What You Need to Know About RankBrain and SEO
Over the last few years, shrouded in the company’s typical mystique and under the cover of darkness (or just the ceiling at headquarters, really) the squad of geniuses at Google have been working on a tool that would help improve search results. In October 2015, Google confirmed the existence of their new machine-learning artificial intelligence system rather whimsically called “RankBrain.”
The powers that be haven’t been too eager to cough up details about their newest innovation, but thanks to a few well-placed sources, some expert analysis, and a video from Google itself, we know the following:
What is RankBrain?
RankBrain itself isn’t the algorithm behind Google’s search results but rather one of the more than 200 ranking factors Google uses to help determine how high websites ultimately rank. There are other pieces that make up the algorithm puzzle, too; from the spam-fighting Panda and Penguin to Pigeon, which specializes in localized search results, to Pirate, which helps unearth copyright violations, Google has a whole host of tools at its disposal. RankBrain is just the newest.
How RankBrain Works
RankBrain was designed with the ability to learn as it goes. When it encounters unfamiliar words or phrases (which make up some 15 percent of the daily queries entered into Google), RankBrain makes intuitive guesses as to what those search words might mean. For consumers, that means more accurate search results even if what they’re typing into the search box is wacky, misspelled, or phrased in an unusual way.
As outsiders, our best guess is that RankBrain is also a cooperative process. As it processes more and more unfamiliar terms and associates them with words already in its vocabulary, Google’s tech team double checks accuracy, makes any necessary tweaks, and then releases the updated system to go learn even more.
Why Does Any of This Matter?
If you care about SEO – and if you have a website or any kind of online presence associated with your business, you really should – you need to know not just your rank but how you got there so you can also figure out how to get better.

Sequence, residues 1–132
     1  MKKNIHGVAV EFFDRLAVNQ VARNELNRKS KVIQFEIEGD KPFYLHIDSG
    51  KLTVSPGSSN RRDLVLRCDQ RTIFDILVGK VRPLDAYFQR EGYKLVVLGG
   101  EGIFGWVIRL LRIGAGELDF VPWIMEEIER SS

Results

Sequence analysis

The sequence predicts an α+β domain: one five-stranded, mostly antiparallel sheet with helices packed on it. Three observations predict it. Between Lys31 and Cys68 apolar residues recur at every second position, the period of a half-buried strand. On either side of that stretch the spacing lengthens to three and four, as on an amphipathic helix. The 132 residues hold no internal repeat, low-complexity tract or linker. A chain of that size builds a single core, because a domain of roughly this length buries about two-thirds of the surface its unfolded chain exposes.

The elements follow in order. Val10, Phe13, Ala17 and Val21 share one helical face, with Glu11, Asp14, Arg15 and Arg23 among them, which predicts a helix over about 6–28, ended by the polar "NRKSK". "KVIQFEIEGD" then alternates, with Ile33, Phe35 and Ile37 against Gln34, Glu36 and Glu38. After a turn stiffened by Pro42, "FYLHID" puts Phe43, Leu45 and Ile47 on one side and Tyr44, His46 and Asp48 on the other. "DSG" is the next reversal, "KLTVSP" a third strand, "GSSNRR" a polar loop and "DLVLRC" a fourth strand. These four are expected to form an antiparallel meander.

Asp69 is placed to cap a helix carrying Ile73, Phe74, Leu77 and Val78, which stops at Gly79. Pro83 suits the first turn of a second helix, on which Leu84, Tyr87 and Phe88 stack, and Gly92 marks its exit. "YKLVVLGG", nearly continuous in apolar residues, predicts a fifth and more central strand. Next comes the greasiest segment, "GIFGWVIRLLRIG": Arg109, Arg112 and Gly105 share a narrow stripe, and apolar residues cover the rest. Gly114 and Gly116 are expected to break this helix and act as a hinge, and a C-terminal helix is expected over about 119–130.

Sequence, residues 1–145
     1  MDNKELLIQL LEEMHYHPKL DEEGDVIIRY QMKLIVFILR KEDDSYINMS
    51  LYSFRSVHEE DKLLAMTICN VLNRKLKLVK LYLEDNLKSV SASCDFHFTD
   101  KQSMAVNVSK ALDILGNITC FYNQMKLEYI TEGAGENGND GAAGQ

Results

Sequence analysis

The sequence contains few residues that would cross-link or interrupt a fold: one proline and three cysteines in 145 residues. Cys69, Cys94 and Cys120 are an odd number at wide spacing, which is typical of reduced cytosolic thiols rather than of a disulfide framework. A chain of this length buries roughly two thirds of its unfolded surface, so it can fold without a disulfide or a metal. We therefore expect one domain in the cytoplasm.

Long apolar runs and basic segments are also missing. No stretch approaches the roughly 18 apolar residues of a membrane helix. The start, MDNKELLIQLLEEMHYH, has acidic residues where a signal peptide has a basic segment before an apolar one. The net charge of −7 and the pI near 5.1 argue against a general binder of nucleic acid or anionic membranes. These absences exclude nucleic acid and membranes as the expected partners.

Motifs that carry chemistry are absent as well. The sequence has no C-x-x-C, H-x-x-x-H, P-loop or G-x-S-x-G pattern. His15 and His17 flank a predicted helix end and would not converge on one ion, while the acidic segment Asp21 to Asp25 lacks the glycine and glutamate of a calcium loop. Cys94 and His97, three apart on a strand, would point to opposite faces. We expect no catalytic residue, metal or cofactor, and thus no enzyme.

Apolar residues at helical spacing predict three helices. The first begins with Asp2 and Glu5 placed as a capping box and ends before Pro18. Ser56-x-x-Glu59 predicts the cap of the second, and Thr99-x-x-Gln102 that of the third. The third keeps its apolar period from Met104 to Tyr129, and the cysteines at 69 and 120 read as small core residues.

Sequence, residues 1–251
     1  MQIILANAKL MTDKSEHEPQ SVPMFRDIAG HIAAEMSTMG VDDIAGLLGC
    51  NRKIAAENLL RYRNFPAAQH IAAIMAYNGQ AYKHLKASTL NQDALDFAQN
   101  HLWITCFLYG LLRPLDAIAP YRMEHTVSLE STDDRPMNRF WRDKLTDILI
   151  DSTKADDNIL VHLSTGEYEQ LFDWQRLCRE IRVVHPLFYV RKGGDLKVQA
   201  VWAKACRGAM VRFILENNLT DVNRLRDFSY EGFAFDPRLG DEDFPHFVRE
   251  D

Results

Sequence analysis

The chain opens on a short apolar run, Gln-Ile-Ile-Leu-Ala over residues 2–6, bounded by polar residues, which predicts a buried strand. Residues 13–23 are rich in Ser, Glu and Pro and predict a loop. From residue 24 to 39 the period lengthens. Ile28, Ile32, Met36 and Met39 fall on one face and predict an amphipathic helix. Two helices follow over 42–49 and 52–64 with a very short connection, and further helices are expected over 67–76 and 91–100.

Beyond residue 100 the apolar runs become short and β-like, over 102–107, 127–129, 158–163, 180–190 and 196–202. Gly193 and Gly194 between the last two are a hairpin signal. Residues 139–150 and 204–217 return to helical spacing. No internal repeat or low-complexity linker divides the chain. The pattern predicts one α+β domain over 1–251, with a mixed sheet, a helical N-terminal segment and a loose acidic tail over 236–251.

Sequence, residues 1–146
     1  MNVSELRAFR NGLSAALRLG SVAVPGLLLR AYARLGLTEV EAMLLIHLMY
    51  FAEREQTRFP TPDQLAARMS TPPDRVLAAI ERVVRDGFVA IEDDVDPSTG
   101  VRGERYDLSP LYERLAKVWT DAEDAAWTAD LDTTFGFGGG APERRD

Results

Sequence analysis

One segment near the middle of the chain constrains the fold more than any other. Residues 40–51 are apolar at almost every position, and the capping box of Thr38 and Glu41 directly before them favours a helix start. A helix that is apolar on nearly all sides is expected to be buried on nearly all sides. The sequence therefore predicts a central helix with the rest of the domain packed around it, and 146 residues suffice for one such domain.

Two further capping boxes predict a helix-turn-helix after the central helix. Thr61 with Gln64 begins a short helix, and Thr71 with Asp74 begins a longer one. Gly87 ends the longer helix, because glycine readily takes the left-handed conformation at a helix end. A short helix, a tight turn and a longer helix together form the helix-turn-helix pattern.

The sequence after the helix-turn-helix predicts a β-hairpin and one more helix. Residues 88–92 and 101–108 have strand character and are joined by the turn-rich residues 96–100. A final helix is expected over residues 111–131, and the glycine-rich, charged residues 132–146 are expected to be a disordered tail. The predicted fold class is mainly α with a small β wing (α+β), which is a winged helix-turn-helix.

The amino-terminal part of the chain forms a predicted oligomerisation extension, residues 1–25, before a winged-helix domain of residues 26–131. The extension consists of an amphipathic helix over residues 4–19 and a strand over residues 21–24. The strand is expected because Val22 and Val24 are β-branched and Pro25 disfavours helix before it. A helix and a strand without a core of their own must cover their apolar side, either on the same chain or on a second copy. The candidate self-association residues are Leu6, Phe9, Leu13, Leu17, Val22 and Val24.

As we mentioned earlier, Google’s overall search algorithm contains hundreds of parts. Google calls the interpretative data gathered by these parts or tools “signals,” and they have consistently refused to disclose what those signals are. They have released a few breadcrumbs, though, like the following verified “signals”:
- Bolded keywords
- Keywords within a header tag
- Keywords within an HTML title tag
- Keywords in the main HTML body of the content
- Keywords in the anchor text of a hyperlink
- A site or webpage’s PageRank (an overall value assessment, basically)
And that’s just a hint at the 200+ signals (each of which apparently has 50 some variations for a total of 10,000 or so factors influencing your ranking) that determine your website’s visibility within search results.
Embracing a More Human Approach to SEO
Long-time Google employee Matt Cutts once told an audience at PubCon that instead of chasing Google’s current algorithm, they should be predicting where that algorithm is going to go. With innovations like RankBrain on the loose, Google’s algorithm can now predict what consumers are looking for without having to rely on content stuffed with awkward keywords. It’s the rise of humanized content, and that’s pretty special.
So, be like RankBrain. Learn from the signals your consumers are sending you and keep updating your product, your content, and your overall communication to reflect your findings. Build out your vocabulary. Read between the lines. Write content that showcases your message instead of your target keyword. Connect so you can convert.
Show Google and all your customers that human intelligence can keep up with the artificial kind – at least for now.
http://searchengineland.com/faq-all-about-the-new-google-rankbrain-algorithm-234440, https://en.wikipedia.org/wiki/RankBrain, http://www.bloomberg.com/news/articles/2015-10-26/google-turning-its-lucrative-web-search-over-to-ai-machines, https://www.mattcutts.com/blog/,